No MeSH data available.


Related in: MedlinePlus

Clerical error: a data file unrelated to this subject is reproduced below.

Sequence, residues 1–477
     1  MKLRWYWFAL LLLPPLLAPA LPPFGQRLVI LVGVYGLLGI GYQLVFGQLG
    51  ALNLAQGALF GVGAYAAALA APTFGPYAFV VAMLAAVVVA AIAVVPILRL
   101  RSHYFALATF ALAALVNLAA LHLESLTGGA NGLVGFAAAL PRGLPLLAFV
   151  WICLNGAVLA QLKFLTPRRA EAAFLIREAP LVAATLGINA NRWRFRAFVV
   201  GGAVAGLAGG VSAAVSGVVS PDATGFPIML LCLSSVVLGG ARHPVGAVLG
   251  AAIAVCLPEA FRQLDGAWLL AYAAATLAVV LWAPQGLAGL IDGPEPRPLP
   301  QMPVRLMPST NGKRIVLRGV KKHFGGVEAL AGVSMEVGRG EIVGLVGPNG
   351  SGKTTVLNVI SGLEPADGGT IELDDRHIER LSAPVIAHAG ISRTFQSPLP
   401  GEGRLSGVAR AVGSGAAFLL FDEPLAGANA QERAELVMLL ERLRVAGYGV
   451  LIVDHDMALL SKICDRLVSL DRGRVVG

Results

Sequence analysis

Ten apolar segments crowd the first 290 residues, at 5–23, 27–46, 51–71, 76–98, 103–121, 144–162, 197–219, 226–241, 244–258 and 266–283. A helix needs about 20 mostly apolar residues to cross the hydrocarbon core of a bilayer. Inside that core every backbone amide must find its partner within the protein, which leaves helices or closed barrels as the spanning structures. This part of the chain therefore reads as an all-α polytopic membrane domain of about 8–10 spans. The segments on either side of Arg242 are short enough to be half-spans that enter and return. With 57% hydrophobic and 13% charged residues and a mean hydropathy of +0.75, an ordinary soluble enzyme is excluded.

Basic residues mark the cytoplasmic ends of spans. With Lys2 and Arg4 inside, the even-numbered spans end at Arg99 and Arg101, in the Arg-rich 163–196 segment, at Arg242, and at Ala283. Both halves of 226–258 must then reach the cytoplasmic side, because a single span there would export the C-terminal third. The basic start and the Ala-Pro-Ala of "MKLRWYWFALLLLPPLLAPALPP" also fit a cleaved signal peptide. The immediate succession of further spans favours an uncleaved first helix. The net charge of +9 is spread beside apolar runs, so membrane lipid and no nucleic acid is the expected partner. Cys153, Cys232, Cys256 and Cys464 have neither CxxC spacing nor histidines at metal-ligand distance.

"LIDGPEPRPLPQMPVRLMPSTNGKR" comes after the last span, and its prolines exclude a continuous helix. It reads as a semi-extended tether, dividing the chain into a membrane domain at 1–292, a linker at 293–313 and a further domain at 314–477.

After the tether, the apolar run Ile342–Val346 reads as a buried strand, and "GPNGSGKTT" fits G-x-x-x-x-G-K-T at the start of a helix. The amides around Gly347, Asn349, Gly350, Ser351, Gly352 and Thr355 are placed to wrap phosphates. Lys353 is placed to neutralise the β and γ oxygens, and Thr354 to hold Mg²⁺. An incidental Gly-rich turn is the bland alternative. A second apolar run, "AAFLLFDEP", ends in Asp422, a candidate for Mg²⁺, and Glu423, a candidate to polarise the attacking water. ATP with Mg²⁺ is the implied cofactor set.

Both neonatal no‐sevo‐ and sevo‐treated mice showed no impairment in communication behavior based on olfactory habituation/dishabituation. Mice were able to habituate to the same scent when presented three consecutive times. This was shown by a significant decrease in the time spent sniffing from the first to the last presentation of the same scent. Repeated measure two‐way ANOVA resulted in F(2, 66) = 30, P < 0.0001 for water; F(2, 66) = 40, P < 0.0001 for almond; F(2, 66) = 40, P < 0.0001 for orange; and F(2, 66) = 40, P < 0.0001 for social 1 and F(2, 66) = 5, P < 0.01 for social 2. There was no treatment difference on nonsocial and social 1 odor habituation. These mice were also able to dishabituate from old scents when new scents were presented. This was shown by a significant increase in every transition between the last presentation of the old scent to the first presentation of the new scent. A two‐way ANOVA resulted in F(1, 66) = 31, P < 0.0001 for transition from water to almond; F(1, 66) = 20, P < 0.0001 for transition from almond to orange; F(1, 66) = 127, P < 0.0001 for transition from orange to social 1; and F(1, 66) = 14, P < 0.001 for transition from social 1 to social 2. There was no treatment difference on odor dishabituation. However, sevo‐treated mice were observed to have a social interaction abnormality in this paradigm. There was a treatment difference on social 2 odor habituation, in which a repeated measure two‐way ANOVA resulted in F(1, 66) = 4, P = 0.05 for treatment. Asterisk (*) denotes P = 0.05 for treatment effect on social 2 odors: mouse 2‐1, 2‐2, and 2‐3 (N = 18 for no sevo; N = 17 for sevo).